Charlie Rangel, the scandal-plagued 21 term congressman from New York, declared a surprising victory yesterday in the primary for his redrawn House seat. You can read more on CNN HERE.
A couple of years ago, Rangel became a national laughingstock after it was revealed that, despite being the Chairman of the powerful House Ways and Means Committee, Rangel had failed to pay income taxes on a Caribbean vacation home and to make other mandatory financial disclosures. He was ultimately censured by the House and forced to give up his chairmanship. Many thought he'd have to resign from the House altogether or, at best, finish out his term in disgrace and never run again.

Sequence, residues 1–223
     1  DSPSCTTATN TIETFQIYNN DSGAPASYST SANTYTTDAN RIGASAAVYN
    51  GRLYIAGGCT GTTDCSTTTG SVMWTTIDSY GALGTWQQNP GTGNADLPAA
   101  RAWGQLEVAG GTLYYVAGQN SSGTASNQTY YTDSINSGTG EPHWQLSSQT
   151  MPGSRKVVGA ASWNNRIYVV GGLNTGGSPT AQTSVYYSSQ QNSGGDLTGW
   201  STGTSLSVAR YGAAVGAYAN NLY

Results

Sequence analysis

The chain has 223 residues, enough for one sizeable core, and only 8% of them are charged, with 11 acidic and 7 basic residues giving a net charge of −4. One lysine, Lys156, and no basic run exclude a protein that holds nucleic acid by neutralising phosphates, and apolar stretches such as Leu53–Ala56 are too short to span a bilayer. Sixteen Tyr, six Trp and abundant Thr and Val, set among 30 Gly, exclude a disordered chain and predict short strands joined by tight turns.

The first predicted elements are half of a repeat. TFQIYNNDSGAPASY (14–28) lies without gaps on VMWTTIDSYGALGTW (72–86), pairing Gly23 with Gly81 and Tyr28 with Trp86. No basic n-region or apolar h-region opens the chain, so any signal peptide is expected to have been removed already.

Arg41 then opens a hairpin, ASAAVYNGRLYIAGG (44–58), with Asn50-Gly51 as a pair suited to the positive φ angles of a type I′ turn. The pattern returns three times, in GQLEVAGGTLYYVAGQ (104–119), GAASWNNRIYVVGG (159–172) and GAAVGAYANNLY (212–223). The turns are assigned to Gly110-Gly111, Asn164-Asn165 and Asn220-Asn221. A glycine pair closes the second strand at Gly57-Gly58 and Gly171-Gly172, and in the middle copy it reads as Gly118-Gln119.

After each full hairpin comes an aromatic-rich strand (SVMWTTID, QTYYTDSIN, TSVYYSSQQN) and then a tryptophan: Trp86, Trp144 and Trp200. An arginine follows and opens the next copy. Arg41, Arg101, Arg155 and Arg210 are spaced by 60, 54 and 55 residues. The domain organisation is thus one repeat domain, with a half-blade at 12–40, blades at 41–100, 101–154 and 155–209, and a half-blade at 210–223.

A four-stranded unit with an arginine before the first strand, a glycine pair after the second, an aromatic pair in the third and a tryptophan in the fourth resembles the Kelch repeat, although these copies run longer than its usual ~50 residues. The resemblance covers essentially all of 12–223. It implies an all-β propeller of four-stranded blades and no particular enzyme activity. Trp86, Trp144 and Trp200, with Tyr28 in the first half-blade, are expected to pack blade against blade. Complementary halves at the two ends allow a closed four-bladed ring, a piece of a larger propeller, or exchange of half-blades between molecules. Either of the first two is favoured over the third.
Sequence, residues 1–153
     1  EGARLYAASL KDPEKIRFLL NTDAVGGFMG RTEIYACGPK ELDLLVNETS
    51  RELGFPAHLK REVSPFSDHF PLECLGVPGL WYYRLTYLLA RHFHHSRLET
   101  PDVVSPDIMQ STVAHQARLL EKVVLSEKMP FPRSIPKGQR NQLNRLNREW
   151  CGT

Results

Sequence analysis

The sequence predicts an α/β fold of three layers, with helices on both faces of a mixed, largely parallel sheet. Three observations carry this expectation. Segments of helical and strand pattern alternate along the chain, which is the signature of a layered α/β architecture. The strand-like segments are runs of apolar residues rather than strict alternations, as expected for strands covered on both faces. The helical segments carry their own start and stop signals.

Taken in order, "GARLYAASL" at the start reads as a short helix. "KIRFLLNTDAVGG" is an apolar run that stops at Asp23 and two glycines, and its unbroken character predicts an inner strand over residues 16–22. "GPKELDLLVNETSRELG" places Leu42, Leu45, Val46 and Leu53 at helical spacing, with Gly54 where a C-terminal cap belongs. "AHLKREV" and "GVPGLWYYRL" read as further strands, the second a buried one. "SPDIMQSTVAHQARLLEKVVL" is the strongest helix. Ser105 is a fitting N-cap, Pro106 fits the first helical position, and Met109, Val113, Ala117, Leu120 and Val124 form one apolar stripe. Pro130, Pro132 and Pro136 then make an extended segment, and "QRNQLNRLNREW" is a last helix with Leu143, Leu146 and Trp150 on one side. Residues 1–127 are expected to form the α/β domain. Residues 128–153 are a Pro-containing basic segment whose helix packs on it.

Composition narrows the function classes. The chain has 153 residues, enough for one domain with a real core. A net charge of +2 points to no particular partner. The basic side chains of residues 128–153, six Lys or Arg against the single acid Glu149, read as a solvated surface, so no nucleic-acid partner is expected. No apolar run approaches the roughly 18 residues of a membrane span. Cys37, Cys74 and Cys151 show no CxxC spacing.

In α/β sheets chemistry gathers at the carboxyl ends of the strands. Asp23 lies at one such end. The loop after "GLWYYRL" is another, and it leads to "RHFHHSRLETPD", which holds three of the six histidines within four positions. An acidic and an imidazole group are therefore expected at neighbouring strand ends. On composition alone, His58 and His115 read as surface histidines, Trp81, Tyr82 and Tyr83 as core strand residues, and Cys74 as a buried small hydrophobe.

In high school, I remember reading in American history textbooks about a string of infamous political figures in the 19th and 20th centuries, and wondering how these people managed to hold on to their elected offices for so long, despite being plagued by well known scandals for years at the time.
In my teenaged mind, I simply attributed that to vote rigging. But Charlie Rangel's political survival today suggests that I may have over-estimated the American voter and under-estimated the potent mix of incumbency, political skill, and an almost masochistic willingness to live with public shame and scorn.